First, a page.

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Old 2016-10-05, 16:59   #1
bhelmes
 
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Default multiplication and logarithm

A peaceful day for all,

if i want to multiply 100 arising number of f(n)=2*n²-1 from n=1001 up to n=1100 and want to have the result modulo f.

Does it make sense to use the binary logarithm of f(n) of all terms, adding the results, do a inverse binary log of the result and make then the calculation modulo f ?

By the way the use of the logarithm of the arising numbers can it speed up by only regarding the significant different digits ?

Would be nice to get some mathematical information

Greetings from the primes
Bernhard
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Old 2016-10-05, 17:30   #2
science_man_88
 
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Quote:
Originally Posted by bhelmes View Post
A peaceful day for all,

if i want to multiply 100 arising number of f(n)=2*n²-1 from n=1001 up to n=1100 and want to have the result modulo f.

Does it make sense to use the binary logarithm of f(n) of all terms, adding the results, do a inverse binary log of the result and make then the calculation modulo f ?

By the way the use of the logarithm of the arising numbers can it speed up by only regarding the significant different digits ?

Would be nice to get some mathematical information

Greetings from the primes
Bernhard
the best method ( not necessarily within those 2) would likely depend on the properties of f if f<1001 then each n term gets reduced if it's not then it's only the terms greater than f that benefit. also if f(n) =2n^2-1 then f(n+1) = 2n^2+4n+1 aka 2(n+1)^2-1 or more generally 2(n+a)^2-1 = 2(n^2+2an+a^2)-1 = (2n^2-1) + 4an+2a^2-1 = f(n) + f(a)+4an so you can use f(n) to figure out most of it. and then mostly values of f(a) for a<101
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Old 2016-10-05, 20:13   #3
CRGreathouse
 
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Quote:
Originally Posted by bhelmes View Post
if i want to multiply 100 arising number of f(n)=2*n²-1 from n=1001 up to n=1100 and want to have the result modulo f.

Does it make sense to use the binary logarithm of f(n) of all terms, adding the results, do a inverse binary log of the result and make then the calculation modulo f ?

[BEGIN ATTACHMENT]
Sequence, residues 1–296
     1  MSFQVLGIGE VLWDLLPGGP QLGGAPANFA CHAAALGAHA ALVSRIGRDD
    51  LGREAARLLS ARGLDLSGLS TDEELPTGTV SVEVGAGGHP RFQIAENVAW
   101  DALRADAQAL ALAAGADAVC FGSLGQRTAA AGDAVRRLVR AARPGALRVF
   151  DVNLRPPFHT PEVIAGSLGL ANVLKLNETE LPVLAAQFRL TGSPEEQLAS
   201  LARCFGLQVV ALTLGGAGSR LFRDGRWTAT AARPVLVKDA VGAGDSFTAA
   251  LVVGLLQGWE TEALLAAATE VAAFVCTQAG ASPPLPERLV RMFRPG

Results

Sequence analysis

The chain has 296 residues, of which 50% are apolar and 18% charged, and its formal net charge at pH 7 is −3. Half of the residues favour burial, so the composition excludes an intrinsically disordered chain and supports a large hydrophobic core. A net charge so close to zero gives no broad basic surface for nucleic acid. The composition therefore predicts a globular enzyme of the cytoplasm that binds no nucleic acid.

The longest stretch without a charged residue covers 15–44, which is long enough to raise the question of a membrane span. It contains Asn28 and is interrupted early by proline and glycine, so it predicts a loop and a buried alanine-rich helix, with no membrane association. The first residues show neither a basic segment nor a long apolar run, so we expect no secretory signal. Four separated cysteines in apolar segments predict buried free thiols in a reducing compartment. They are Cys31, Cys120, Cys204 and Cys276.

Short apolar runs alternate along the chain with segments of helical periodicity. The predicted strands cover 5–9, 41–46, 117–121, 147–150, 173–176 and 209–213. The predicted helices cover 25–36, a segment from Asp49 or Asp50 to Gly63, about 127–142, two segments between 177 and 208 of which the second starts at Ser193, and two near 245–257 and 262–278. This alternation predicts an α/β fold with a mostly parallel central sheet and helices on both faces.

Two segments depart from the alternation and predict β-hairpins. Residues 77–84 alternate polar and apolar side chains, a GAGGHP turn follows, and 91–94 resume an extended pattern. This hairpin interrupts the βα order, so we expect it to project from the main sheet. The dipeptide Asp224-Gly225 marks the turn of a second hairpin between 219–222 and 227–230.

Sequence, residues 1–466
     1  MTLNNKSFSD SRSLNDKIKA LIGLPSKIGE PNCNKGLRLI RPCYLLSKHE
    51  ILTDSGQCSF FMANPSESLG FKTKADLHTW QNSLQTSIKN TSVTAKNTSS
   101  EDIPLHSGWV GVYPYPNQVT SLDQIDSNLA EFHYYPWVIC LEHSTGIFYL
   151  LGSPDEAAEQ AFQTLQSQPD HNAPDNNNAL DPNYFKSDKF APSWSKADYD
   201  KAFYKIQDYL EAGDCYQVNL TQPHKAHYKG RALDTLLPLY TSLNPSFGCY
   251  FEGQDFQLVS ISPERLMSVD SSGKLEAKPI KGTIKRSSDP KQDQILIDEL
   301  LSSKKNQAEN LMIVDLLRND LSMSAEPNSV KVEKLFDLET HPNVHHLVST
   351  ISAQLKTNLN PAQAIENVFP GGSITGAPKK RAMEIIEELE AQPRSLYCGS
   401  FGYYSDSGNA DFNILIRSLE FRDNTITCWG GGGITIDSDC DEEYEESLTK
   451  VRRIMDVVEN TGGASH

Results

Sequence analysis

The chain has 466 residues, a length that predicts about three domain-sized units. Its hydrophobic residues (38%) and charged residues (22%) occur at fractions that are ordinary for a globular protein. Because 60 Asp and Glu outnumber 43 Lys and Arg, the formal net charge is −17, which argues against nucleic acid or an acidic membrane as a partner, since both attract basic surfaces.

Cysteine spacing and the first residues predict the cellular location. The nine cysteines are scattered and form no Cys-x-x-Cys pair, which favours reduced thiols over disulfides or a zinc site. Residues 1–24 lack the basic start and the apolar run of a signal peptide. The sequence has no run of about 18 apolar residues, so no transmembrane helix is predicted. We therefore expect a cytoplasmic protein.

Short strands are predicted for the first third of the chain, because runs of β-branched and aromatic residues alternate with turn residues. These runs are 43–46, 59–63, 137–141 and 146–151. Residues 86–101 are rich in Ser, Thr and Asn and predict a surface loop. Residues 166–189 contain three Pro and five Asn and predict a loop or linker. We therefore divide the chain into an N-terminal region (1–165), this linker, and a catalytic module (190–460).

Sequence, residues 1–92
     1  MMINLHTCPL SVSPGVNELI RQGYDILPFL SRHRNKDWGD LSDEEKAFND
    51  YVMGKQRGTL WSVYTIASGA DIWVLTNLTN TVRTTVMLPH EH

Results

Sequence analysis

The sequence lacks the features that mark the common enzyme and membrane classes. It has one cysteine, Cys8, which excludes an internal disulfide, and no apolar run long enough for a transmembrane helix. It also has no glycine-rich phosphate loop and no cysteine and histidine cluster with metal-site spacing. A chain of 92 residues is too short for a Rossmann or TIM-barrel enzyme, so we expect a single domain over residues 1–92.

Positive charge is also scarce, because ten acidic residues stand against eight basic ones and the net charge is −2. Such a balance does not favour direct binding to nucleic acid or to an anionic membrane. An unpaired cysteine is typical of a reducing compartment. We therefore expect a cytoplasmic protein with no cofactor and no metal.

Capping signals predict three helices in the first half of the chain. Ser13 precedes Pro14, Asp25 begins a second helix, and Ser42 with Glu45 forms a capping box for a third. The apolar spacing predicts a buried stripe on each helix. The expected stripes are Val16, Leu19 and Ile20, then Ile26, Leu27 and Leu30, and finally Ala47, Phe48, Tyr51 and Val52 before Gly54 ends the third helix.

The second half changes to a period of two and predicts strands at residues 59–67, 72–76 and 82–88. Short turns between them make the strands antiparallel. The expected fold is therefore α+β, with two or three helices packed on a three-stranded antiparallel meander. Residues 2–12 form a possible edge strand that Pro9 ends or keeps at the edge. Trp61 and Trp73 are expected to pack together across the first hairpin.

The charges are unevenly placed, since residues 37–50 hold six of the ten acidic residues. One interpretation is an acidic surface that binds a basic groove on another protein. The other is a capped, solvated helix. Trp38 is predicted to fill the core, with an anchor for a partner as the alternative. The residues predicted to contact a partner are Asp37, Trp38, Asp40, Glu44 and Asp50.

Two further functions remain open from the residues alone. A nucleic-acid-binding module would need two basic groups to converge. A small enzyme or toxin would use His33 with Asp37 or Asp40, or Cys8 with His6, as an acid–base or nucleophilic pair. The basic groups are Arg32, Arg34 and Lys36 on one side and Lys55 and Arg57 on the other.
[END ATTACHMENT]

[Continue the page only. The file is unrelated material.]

It seems like this would take a lot longer than just computing f(n) for each of those numbers. A better method would be to compute a polynomial for f(n)*f(n+1) or f(n)*f(n+1)*f(n+2)*f(n+3)*f(n+4) or the like, reduce coefficients mod f, and then compute these with the desired method (say, Horner's rule). Using these in a product tree yields a fairly efficient method.

There are other tricks out there like fast multipoint evaluation which are related.

Quote:
Originally Posted by bhelmes View Post
By the way the use of the logarithm of the arising numbers can it speed up by only regarding the significant different digits ?
If you need an exact answer you'll need to keep precision essentially the same, so I think the answer is "no". If you can use approximations then there are definitely better methods, depending on your needs. Doing everything like the exact case but keeping fewer digits is simplest but you can probably do a lot better.
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Old 2016-10-06, 10:45   #4
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Thanks for your nice answer.
I really appreciate to get some mathematical support from your side.

I state that you often give some really good answers, even if the question might be a little bit strange.

Thanks and best greetings from the primes
Bernhard
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Old 2016-10-06, 13:33   #5
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Glad I could help!
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